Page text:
I didn't want to start a new thread since my question kinda fits this one, so sorry for the hijack! :P

I'm trying to learn rolemaster (Rolemaster Classic, based on RM2) and there seems to be a LOT of skills used in Hal's game that i can't find in RMC. Are they using the RMSS/RMFRP skills list or some kind of house rules? (For example, Scrounge or Dousing in Session 13 at 2h42 in, or even Goggle's Gliding skill.)

Also, sometimes, Hal will ask to roll over a hundred, and than to roll under a specific number. I'm not sure i recall seeing such a the rules anywhere. When are you supposed to do that?

Thanks for the help!

Not sure about those skills specifically but I know Hal uses books other than core 3 books so it's possible they came from one of those.

As for the other part it sounds like you're talking about maneuvers (such as jumping across a pit). I'll check my copy of RMC but I'm pretty sure those rules are in there. Basically you make a skill check to get over 100, then based on the rusult a chart tells you what you have to get under to succeed based on the difficulty. Edit: I found the relevent section in RMClassic it's in chapter 10 page 135-136 on my copy.
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#11 Telemergion

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Posted 10 March 2010 - 03:19 PM

The other possibility for the unlisted skills is that they simply don't exist in a book at all. Similar to my current character's Lycanthropy skill, you use the same mechanics as anything else to figure out your bonuses (stats, magic, misc, etc), discuss with the GM the dev cost for improving it based on similar skills or how good he thinks it might be (mine was actually listed), and then when you roll try to beat 100 - which is the usual difficulty for a complete success on most things.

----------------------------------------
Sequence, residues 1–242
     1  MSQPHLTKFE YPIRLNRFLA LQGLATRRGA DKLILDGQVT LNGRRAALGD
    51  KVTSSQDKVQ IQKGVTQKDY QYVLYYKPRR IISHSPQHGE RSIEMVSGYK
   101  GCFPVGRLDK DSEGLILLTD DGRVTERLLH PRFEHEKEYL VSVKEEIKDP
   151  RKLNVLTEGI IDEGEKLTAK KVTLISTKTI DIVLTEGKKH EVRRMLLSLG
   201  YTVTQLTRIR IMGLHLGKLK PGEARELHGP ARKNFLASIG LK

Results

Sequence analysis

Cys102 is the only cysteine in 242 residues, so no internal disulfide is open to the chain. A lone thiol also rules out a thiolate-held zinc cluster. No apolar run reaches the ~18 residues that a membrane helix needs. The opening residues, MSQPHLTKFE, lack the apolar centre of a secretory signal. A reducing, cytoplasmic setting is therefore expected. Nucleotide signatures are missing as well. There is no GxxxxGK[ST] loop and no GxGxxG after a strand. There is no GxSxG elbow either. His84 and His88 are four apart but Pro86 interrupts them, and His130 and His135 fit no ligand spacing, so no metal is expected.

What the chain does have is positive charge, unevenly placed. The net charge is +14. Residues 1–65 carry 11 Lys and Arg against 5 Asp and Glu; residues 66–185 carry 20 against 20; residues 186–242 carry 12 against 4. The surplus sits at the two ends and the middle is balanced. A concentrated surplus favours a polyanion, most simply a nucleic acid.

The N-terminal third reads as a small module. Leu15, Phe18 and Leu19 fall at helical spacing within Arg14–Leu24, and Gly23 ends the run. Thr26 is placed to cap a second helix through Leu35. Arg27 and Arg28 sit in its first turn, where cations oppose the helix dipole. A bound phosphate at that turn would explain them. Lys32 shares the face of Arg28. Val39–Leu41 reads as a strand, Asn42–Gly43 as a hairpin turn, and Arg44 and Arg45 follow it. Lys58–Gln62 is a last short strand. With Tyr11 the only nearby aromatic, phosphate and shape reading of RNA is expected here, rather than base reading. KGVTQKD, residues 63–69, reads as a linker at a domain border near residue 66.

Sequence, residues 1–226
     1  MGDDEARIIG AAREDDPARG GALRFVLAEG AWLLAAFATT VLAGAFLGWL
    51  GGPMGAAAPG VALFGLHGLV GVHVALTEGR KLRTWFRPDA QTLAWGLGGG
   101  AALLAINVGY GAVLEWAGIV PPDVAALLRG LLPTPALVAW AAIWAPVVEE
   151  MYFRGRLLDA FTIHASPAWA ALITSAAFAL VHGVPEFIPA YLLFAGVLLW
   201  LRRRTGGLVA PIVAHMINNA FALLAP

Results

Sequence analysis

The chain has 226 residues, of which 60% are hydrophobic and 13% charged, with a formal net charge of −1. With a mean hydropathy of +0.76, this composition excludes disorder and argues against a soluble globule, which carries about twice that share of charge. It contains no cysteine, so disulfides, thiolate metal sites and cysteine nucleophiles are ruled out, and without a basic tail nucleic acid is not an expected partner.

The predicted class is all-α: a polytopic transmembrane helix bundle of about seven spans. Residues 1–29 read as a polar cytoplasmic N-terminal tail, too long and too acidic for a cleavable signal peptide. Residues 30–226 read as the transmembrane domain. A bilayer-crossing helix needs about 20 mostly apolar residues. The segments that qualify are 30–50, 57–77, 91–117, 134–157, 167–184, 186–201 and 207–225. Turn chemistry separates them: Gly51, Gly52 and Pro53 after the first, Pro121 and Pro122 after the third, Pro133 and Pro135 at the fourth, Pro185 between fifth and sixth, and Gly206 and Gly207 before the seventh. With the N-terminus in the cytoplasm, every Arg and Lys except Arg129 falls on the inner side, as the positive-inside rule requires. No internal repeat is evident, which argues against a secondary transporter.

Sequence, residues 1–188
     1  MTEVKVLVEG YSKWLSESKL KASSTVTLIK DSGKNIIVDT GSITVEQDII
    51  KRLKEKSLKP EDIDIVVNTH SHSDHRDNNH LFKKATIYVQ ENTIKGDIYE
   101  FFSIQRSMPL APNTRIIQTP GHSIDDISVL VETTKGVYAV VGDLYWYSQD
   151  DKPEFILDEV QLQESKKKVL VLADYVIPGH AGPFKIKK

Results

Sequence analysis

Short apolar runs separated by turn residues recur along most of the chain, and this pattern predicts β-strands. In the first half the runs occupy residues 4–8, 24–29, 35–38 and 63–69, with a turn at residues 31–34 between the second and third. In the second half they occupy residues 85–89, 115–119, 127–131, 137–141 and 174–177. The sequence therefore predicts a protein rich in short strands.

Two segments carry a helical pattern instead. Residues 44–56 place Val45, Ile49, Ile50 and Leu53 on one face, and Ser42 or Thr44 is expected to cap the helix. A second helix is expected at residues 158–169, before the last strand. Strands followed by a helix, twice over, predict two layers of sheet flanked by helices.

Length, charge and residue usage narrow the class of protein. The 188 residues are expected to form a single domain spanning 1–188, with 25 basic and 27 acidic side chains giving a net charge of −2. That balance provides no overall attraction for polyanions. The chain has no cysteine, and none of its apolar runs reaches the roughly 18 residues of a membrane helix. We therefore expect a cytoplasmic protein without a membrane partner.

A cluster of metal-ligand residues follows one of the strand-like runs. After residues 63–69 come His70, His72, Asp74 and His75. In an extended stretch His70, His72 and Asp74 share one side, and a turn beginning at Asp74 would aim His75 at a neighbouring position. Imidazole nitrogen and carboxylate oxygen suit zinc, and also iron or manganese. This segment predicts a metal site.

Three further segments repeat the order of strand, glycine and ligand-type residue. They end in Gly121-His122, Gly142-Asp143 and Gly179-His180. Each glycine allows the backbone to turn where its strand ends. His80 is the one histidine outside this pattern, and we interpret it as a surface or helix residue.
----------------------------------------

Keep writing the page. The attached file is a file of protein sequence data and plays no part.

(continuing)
Now, Rolemaster being what it is, I'm pretty sure stuff like gliding was covered somewhere; maybe not in this edition but, as has been said, it's based pretty heavily on 2nd. I'm also pretty sure Hal's got some extra books kicking around with, at the very least, the campaign and setting.
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#12 Dungnmaster001

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Posted 10 March 2010 - 04:32 PM

Well I remembered there was a "Complete Skill List" in the Rolemaster Companion 2, so I checked there and sure enough Dowsing, Scrounge and the Fly/Glide skill are all listed there. Not sure where they originally came from though unless they were in the non- Classic Character Law (i.e. 2nd edition). Perhaps they weren't considered useful enough as skills and got removed when they updated for the Classic series.
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#13 Ieqo

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Posted 10 March 2010 - 07:01 PM